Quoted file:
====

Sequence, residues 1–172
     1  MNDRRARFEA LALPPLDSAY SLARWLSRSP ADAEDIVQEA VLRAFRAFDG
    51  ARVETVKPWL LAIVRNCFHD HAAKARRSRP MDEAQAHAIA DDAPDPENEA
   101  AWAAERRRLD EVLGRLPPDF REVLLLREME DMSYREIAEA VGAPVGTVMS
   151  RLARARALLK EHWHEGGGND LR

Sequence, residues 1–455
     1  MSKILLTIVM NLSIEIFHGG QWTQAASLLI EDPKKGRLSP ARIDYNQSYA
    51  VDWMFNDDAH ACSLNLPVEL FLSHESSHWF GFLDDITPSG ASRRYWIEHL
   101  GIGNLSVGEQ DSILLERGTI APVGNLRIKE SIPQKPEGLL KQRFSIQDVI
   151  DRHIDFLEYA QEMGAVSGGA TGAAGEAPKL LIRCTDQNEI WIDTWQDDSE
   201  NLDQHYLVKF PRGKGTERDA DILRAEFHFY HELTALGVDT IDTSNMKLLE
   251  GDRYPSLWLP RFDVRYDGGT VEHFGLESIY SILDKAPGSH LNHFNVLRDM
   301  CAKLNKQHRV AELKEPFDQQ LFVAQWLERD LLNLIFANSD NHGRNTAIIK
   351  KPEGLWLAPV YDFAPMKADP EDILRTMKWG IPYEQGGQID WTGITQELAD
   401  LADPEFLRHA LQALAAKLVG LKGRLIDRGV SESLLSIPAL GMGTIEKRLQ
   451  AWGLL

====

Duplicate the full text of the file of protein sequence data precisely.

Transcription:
Sequence, residues 1–172
     1  MNDRRARFEA LALPPLDSAY SLARWLSRSP ADAEDIVQEA VLRAFRAFDG
    51  ARVETVKPWL LAIVRNCFHD HAAKARRSRP MDEAQAHAIA DDAPDPENEA
   101  AWAAERRRLD EVLGRLPPDF REVLLLREME DMSYREIAEA VGAPVGTVMS
   151  RLARARALLK EHWHEGGGND LR

Sequence, residues 1–455
     1  MSKILLTIVM NLSIEIFHGG QWTQAASLLI EDPKKGRLSP ARIDYNQSYA
    51  VDWMFNDDAH ACSLNLPVEL FLSHESSHWF GFLDDITPSG ASRRYWIEHL
   101  GIGNLSVGEQ DSILLERGTI APVGNLRIKE SIPQKPEGLL KQRFSIQDVI
   151  DRHIDFLEYA QEMGAVSGGA TGAAGEAPKL LIRCTDQNEI WIDTWQDDSE
   201  NLDQHYLVKF PRGKGTERDA DILRAEFHFY HELTALGVDT IDTSNMKLLE
   251  GDRYPSLWLP RFDVRYDGGT VEHFGLESIY SILDKAPGSH LNHFNVLRDM
   301  CAKLNKQHRV AELKEPFDQQ LFVAQWLERD LLNLIFANSD NHGRNTAIIK
   351  KPEGLWLAPV YDFAPMKADP EDILRTMKWG IPYEQGGQID WTGITQELAD
   401  LADPEFLRHA LQALAAKLVG LKGRLIDRGV SESLLSIPAL GMGTIEKRLQ
   451  AWGLL